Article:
Monday, February 23, 2015

Monday Exposure: Michelangelo's Pietà

One of the world's greatest sculptures — perhaps the greatest sculpture — was attacked in 1972 by a mentally disturbed Hungarian. With twelve blows of a hammer, the man knocked more than 100 fragments off the statue, including an arm, an eyelid, and a nose.

Should the sculpture be left in its newly marred condition? Or repaired, but with visible marks indicating the damaged pieces? In the early 1700s, four of the fingers had accidentally broken off when the statue was moved. Although restored in 1736, scholars still argue about whether the restorer placed the fingers exactly as they had been, or if he slightly tweaked their position for a more rhetorical and dramatic pose.

Neither option suited the Vatican. This masterpiece, displayed in St. Peter's Basilica for centuries, had to be restored as closely as possible to the original. It was the crowning sculptural achievement of a sculptor unsurpassed by any other: Michelangelo di Lodovico Buonarroti Simoni. He had described the block of Carrara marble as the most "perfect" he ever used. Of his many sculptures, Michelangelo devoted more time fine-tuning and polishing it than all the rest.

Michelangelo's Pietà in St. Peter's Basilica, Vatican City
Michelangelo's Pietà sits in a side chapel within St. Peter's Basilica, in the Vatican City.
The Pietà was, in fact, the only sculpture that Michelangelo ever signed.

As the oft-repeated story goes, Michelangelo had completed the sculpture and one morning was admiring it in the mausoleum where it first had been displayed. While there, Michelangelo had:

     . . . observed a number of Lombards who were praising it loudly. One of them asked another the
     name of the sculptor, and he replied, "Our hunchback of Milan." Michelangelo said nothing, but
     he resented the injustice of having his work attributed to another, and that night he shut himself
     in the chapel with a light and his chisels and carved his name on it.

               Giorgio Vasari, Lives of the Most Excellent Painters, Sculptors, and Architects,
                    from Cimabue to Our Times (first published in 1550)

It is a bogus story. While Vasari was one of the first art historians, he is notable also for his fictitious and invented anecdotes. Michelangelo had sculpted the sash or band across the Virgin Mary's chest from the outset. The sash bears no relation to her clothing. Its sole purpose is to display a carved inscription stating "Michelangelo Buonarroti, Florentine, made this."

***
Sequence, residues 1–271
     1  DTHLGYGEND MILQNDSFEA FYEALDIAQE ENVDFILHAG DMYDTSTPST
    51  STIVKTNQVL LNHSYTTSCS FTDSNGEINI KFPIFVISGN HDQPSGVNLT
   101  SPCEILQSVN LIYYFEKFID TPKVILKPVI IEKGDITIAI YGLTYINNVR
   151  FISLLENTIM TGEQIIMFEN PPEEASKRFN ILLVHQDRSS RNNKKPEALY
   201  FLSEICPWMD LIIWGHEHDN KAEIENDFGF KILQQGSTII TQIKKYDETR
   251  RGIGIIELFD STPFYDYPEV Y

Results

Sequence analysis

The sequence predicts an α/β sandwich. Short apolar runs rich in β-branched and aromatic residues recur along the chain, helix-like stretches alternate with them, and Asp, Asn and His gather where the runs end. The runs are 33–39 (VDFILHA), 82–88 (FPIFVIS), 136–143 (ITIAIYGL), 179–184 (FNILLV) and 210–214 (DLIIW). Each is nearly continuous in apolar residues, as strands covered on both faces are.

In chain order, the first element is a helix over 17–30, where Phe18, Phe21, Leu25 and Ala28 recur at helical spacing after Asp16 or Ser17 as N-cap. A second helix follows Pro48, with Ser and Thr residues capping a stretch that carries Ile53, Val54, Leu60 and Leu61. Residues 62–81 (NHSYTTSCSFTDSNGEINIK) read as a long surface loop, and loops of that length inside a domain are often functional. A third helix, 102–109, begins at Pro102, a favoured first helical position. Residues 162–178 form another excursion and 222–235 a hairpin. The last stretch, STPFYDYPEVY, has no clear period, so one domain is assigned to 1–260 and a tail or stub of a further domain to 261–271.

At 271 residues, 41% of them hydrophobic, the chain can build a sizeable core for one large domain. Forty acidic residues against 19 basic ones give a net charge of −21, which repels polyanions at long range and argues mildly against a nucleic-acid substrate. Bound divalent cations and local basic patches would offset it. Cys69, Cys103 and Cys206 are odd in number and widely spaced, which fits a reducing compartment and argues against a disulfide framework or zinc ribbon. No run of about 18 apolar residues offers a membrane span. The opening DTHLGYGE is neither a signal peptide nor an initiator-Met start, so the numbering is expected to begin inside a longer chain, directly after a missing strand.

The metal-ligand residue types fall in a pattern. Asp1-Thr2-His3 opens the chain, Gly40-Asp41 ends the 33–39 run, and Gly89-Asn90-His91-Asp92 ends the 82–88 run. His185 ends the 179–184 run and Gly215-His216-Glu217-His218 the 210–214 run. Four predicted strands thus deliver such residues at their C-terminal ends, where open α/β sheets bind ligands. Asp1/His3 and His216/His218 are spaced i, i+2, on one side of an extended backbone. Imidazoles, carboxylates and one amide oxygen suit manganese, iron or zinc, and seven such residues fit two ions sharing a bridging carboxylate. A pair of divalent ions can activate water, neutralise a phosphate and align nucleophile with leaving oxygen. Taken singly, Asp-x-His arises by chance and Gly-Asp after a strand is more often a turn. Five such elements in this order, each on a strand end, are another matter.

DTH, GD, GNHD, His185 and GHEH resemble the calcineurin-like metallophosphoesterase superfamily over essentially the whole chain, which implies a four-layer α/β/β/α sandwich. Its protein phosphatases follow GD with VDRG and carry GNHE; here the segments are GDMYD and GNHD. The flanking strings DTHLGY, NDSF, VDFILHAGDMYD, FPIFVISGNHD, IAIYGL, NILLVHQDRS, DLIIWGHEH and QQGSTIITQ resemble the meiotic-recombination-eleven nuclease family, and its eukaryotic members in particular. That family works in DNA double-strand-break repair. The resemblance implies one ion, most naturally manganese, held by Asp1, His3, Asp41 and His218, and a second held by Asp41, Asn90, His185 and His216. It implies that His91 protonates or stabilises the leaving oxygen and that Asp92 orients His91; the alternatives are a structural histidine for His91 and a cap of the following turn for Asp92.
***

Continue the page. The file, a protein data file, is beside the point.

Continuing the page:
Vasari, however, was correct on other points. He opines that the Pietà "displays the utmost limits of sculpture." Indeed, the folds and drapery of the clothes are unequalled. Mary's headdress is impossibly thin. The hair, musculature, even veins and arteries of the body of the dead Jesus are perfect. The composition has layers of subtle triangular structure, such as from the base to the top of Mary's head, or the triangles created by Jesus's body laying across Mary. And even in recline, Jesus's body maintains the classic contrapposto form.

One structural element which can be seen, but not unseen, is the immense size disparity between the Virgin Mary and Jesus. If the two figures were standing, Mary would tower several feet in height above Jesus. However, if the figures had been of ordinary size, Mary would have struggled to hold Jesus's body. Michelangelo worked to conceal Mary's size beneath the voluminous folds of fabric, as well as with her own reclined posture.

Injured Pietà
Injured Pietà. (Image from Vatican, reproduced by Reuters.)
To repair the magnificent Pietà, the Vatican settled on a process called "integral restoration." They wanted to avoid moving the statue, which might cause it further damage, so they built a laboratory around the statue. Studying the sculpture in situ, and with the help of photographs of the pre-damaged work, scientists and sculptors spent more than five months analyzing each of the more than 100 fragments and putting them back together. Then, with a combination of invisible glue and a powder made from the same type of Carrara marble, they painstakingly reattached the broken pieces. Ten months after the attack, the Pietà was back on display. The result was a restored sculpture with subtle lines showing the reattached pieces.

Restored Pietà, with restoration lines visible on nose and left eyelid
The reattached nose and fragment of left eyelid are subtly visible.
Meanwhile, the Hungarian attacker, Laszlo Toth, had been hospitalized for insanity. Prior to attacking the Pietà he had moved from Australia to Italy, knowing no Italian, and had repeatedly sent letters seeking to meet the current pope, Paul VI. When attacking the Pietà, Laszlo had yelled "I am Jesus Christ, risen from the dead!" After two years of hospitalization, he was released and immediately deported back to Australia. He then lived in a nursing home until his death in 2012.

As for the Pietà, which Vasari described as a "miracle that a once shapeless stone should assume a form that Nature with difficulty produces in flesh," it still resides within the same chapel inside St. Peter's Basilica. Now, however, it rests behind a wall of bulletproof glass, with only the front of the sculpture on display.

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